Former Bradenton banker, Aubrey Lee Price, faces judge on multi-million dollar fraud charges

  • 0

BRUNSWICK, Ga. (AP/ABC News) -- A south Georgia bank director accused of losing millions of investor dollars before vanishing appeared in federal court Thursday.

Price lived with his wife and children in Bradenton before buying a home in Valdosta prior to his 2012 disappearance. He moved his family to the south Georgia city, where his wife's parents lived, just a few weeks before his disappearance.

Aubrey Lee Price, 47, was in a Savannah area federal court Thursday, reportedly telling the judge that he is broke and for the past 18 months worked as a migrant worker.

Prosecutors say Price raised $40 million from his bank and 115 investors, and lost much of the money.

"This is a great way to start the new year," said Wendy Cross. She's among 115 investors from Georgia and Florida whom prosecutors say Price swindled. Cross says she lost $360,000. "He's a thief and he's a liar."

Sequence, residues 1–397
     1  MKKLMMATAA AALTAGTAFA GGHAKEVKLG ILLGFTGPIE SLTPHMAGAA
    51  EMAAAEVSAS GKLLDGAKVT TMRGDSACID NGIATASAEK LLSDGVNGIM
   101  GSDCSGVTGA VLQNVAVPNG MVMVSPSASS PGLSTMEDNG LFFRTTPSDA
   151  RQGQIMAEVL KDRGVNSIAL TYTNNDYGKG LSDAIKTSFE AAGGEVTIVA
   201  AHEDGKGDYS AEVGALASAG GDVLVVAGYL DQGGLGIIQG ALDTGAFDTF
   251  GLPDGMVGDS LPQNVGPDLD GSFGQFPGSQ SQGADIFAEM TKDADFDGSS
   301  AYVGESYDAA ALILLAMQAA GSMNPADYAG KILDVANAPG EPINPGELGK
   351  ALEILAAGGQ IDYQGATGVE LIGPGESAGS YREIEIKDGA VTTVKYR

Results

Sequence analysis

According to the criminal complaint, Price collected about $40 million and then used that money to invest in a failing Georgia bank where the government says Price "stole, misappropriated and embezzled more than $21 million" directing much of that money to his own pockets. An estimated $17 million of the missing $40 million was from Montgomery Bank & Trust -- a small bank in Ailey, about 170 miles southeast of Atlanta, where Price acted as bank director, according to the bank's website. That bank was shut down in 2012.

"Not just my money but it was dreams and my future and my freedom. Gone," Cross said.

Price was arrested Tuesday during a traffic stop on Interstate 95 in Brunswick. His appearance, drastically altered.

Price disappeared in June 2012 after sending a rambling letter to his family and acquaintances saying he had lost millions of investment dollars and planned to kill himself.  

A Florida judge declared him dead about a year ago. But the FBI had said it didn't believe Price was dead and continued to search for him.

Price is facing a series of federal fraud-related charges. If convicted he could face at least 30 years in prison.